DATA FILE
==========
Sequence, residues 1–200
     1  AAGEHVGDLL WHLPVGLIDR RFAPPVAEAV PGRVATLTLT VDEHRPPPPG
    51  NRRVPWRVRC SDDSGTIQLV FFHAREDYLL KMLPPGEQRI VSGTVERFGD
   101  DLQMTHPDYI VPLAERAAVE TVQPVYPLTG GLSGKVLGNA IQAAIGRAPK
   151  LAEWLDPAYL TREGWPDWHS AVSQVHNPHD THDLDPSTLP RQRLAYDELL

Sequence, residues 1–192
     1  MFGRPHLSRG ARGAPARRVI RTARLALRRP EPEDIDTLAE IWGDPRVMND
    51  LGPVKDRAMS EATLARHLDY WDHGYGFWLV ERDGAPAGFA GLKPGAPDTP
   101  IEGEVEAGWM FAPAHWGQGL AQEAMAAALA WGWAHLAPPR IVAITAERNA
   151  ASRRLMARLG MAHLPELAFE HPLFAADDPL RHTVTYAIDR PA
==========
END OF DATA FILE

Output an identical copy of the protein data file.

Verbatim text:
Sequence, residues 1–200
     1  AAGEHVGDLL WHLPVGLIDR RFAPPVAEAV PGRVATLTLT VDEHRPPPPG
    51  NRRVPWRVRC SDDSGTIQLV FFHAREDYLL KMLPPGEQRI VSGTVERFGD
   101  DLQMTHPDYI VPLAERAAVE TVQPVYPLTG GLSGKVLGNA IQAAIGRAPK
   151  LAEWLDPAYL TREGWPDWHS AVSQVHNPHD THDLDPSTLP RQRLAYDELL

Sequence, residues 1–192
     1  MFGRPHLSRG ARGAPARRVI RTARLALRRP EPEDIDTLAE IWGDPRVMND
    51  LGPVKDRAMS EATLARHLDY WDHGYGFWLV ERDGAPAGFA GLKPGAPDTP
   101  IEGEVEAGWM FAPAHWGQGL AQEAMAAALA WGWAHLAPPR IVAITAERNA
   151  ASRRLMARLG MAHLPELAFE HPLFAADDPL RHTVTYAIDR PA